Stem-cell patents tossed;

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Preliminary decision against UW may set up years-long legal battle

Milwaukee Journal-Sentinel (Wisconsin)

The U.S. Patent and Trademark Office has issued a preliminary rejection of three key stem-cell patents owned by the University of Wisconsin-Madison, setting up a legal battle with potentially big economic and psychological ramifications for the state’s biotech economy.

The Wisconsin Alumni Research Foundation, the licensing arm of the university, vowed to appeal the ruling in every venue at its disposal, even if the dispute drags out in federal courts for years.

“The patents are still valid until this process is complete,” said Andy Cohn, a WARF spokesman and director of government affairs.

The Patent and Trademark Office, a division of the U.S. Department of Commerce, handed down the administrative ruling late Friday, but neither party publicized it until Monday.

The agency acted in response to complaints from two public-interest foundations, which alleged in July that the patents are so broadly written that they give WARF potential to reap royalties from a broad range of stem cell-related treatments. In their complaint, the Foundation for Taxpayer and Consumer Rights in Santa Monica, Calif., and the Public Patent Foundation in New York also argued that UW-Madison researcher James Thomson was not the first to isolate human embryonic stem cells, therefore diluting the propriety of his 1998 work.

The groups say WARF‘s control of the technology discourages potentially lifesaving research by imposing licensing costs and drives stem-cell work abroad to places where WARF‘s patents are not recognized.

All three patents involve high-profile laboratory breakthroughs, each covering methods of isolating embryonic stem cells. Although the patents currently lack significant commercial application, proponents say they herald nothing short of a paradigm shift in medicine.

Some say the work eventually could produce cures for diabetes, Alzheimer’s and other diseases.
Royalties at stake

At stake for WARF is a potential loss of royalty revenue if both the agency and courts uphold the preliminary rejection. A worst-case outcome – the repeal of all three patents – also could take some of the shine off Thomson’s reputation as an internationally recognized biotech researcher.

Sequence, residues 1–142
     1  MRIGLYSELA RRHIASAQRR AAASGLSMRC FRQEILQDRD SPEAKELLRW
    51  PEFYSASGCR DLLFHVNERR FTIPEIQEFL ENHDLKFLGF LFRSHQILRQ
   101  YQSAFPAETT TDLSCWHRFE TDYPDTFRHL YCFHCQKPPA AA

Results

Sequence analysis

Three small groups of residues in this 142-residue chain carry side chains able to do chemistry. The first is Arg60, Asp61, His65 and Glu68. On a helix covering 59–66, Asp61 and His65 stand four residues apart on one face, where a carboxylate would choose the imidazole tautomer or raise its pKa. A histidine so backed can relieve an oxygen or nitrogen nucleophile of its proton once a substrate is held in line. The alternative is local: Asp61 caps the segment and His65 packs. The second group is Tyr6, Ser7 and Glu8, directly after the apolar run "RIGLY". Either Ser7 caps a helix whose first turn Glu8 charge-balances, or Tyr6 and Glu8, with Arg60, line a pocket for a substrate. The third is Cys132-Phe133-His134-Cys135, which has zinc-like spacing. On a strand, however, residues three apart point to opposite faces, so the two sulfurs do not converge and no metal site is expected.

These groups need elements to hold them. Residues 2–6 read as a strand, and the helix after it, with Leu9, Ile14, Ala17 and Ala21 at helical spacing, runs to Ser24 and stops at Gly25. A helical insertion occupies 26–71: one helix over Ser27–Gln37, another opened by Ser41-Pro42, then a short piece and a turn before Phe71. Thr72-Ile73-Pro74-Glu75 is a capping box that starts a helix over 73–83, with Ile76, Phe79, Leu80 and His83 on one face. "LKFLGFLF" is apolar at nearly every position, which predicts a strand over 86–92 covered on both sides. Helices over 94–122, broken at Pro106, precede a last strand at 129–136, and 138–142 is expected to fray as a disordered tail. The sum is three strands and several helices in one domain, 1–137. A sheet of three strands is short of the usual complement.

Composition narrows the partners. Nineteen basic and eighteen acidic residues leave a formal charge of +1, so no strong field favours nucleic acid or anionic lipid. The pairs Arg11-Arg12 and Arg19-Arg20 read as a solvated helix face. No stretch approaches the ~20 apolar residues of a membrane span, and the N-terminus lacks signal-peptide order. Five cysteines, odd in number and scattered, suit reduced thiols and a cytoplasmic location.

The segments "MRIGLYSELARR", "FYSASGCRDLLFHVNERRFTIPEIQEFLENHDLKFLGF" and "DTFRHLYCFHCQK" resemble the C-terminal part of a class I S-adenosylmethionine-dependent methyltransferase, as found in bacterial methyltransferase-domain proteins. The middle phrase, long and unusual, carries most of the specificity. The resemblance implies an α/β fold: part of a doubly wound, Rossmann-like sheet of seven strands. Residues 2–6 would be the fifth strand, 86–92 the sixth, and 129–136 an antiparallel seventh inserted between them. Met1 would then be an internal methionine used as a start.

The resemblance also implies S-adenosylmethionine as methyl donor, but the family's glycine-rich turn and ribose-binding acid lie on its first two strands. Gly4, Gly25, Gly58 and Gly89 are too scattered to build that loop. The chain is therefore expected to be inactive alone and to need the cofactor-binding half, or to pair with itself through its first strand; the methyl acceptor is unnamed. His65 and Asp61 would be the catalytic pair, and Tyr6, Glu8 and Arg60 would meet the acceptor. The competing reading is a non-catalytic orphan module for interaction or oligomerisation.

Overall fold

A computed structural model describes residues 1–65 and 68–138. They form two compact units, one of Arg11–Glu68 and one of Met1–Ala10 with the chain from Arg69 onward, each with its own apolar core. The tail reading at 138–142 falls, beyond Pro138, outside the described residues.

A repeal also could dampen the excitement associated with research that has drawn hundreds of millions of dollars of investment and research funding to Madison, elevating the university town to one of the world’s pre-eminent biotech hubs.

John Simpson, an official at the Santa Monica consumer rights group, was jubilant over the preliminary outcome.

“This is a great day for scientific research,” Simpson said in a statement released late Monday. “The patents should never have been issued in the first place.”

The final outcome is far from decided. The agency gave WARF two months to prepare a response.

WARF has absolute confidence in the appropriateness and legitimacy of these patents,” WARF Managing Director Carl Gulbrandsen said.

The issues raised by the two groups already were considered in the original patent process and are not new, said Grady Frenchick, a patent attorney in Madison at the Whyte Hirschboeck Dudek law firm.

Frenchick, who has practiced patent law for 30 years, expects the final ruling to be in WARF‘s favor.

“There’s really nothing new here. The arguments and analysis are in the file history,” he said.

Taking another look

The two foundations that filed complaints managed to “reconfigure” the old arguments more forcefully and aggressively this time around, forcing the agency to initiate a process called patent “re-examination,” Frenchick said.

Frenchick does not do any stem-cell work for WARF and regards himself as an independent observer of the case.

Past case histories also work in WARF‘s favor.

According to Frenchick and the Patent and Trademark Office, 70% to 88% of all patents retain their patent status after a patent re-examination process.

“For this re-examination to take out all claims of all three patents would be extremely rare,” Frenchick said.

There’s no doubt the case will attract attention until it’s resolved.

Goaded by Gov. Jim Doyle, Madison has made biotech the center of its economic growth strategy, putting it in competition with biotech centers from Boston to Singapore. Californians voted in November to fund $3 billion of embryonic stem cell research in their state over the next decade.

And embryonic stem cells by their nature have become lightning rods of controversy. Research in many cases means destruction of human embryos, raising heated arguments over ethical issues.
Contact the author JOHN SCHMID at [email protected]

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